During the early 19th century a remarkable structure developed in Britain – the glass cone. The conical building was designed to channel air into the furnace to make the fires burn hotter. It also provided a large work space for the glassmakers. Throughout Dudley and Stourbridge areas there were many cones, but the densest concentration was in Amblecote and Wordsley.
Even after technology advanced and the cones were no longer needed to act as chimneys, the buildings were still used for glassmaking until many eventually fell into disrepair, were demolished or simply collapsed.
Today there are only four cones left standing in Britain and the Red House Glass Cone is the most complete example in Europe – the other three are located in Scotland, Newcastle-upon-Tyne and Sheffield.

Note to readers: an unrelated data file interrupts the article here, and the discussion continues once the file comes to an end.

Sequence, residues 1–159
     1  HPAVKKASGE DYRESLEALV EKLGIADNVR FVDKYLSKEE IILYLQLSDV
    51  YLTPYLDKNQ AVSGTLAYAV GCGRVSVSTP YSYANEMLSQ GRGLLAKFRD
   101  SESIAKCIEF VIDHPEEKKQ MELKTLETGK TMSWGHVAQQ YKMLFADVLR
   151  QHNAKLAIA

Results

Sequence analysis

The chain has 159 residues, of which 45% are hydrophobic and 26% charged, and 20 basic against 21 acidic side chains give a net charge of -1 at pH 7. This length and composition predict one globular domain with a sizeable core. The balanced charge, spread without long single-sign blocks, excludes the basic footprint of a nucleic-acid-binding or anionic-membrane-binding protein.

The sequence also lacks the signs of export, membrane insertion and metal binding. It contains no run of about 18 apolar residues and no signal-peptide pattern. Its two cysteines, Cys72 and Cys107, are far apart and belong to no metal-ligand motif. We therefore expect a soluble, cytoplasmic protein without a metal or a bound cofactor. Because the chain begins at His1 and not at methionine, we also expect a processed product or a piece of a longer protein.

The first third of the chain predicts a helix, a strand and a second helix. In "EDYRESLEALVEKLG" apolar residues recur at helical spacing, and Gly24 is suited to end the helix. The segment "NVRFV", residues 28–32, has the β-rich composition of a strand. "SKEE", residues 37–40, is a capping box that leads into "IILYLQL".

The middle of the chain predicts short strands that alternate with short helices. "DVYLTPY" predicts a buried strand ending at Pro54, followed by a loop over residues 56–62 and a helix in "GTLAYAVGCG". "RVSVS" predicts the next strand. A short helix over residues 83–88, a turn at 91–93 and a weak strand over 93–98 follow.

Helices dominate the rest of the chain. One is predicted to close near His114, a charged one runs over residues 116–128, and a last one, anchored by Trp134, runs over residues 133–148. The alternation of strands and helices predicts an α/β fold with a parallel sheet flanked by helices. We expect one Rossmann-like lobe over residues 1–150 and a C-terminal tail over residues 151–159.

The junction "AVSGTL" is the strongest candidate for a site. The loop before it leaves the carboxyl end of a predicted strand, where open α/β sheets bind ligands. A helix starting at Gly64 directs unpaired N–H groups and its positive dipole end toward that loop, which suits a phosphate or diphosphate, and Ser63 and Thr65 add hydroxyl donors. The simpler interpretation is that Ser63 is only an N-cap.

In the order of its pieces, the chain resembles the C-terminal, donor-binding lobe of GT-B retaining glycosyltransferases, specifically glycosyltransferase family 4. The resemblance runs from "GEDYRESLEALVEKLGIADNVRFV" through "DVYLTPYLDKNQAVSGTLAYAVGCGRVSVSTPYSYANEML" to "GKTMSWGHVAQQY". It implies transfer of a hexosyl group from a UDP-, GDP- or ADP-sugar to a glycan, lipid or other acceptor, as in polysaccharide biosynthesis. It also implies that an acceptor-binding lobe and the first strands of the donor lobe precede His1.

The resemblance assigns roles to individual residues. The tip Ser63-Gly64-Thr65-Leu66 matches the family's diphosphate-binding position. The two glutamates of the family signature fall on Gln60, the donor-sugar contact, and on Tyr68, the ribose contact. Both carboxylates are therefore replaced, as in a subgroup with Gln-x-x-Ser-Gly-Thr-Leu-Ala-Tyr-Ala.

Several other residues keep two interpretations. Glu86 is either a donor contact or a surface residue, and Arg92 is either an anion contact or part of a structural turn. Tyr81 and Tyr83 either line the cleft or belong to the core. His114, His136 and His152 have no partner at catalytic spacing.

The Red House Glass Cone, which is 100ft high, was built around 1790. It was most recently home to Stuart Crystal who produced glass in the Cone until 1936. Production at their factory on the Cone site stopped in 2001 and the factory shop now closed.
The Red House Glass Cone has remained virtually unaltered in its 200 year old history and is now operating as a visitor attraction providing a fascinating insight into the history and tradition of glassmaking.
The self-guided tour around the Cone, visitor centre and canal give visitors a taste of what the site was like at its peak. Standing inside the Cone, and looking up, shows its scale and gives visitors an impression of what it would have been like to work inside this impressive structure. With contemporary glassblowing and cutting on site, as well as studio tenants in all the Cone’s courtyard, the Cone continues to be a site of artistic design, innovation and history.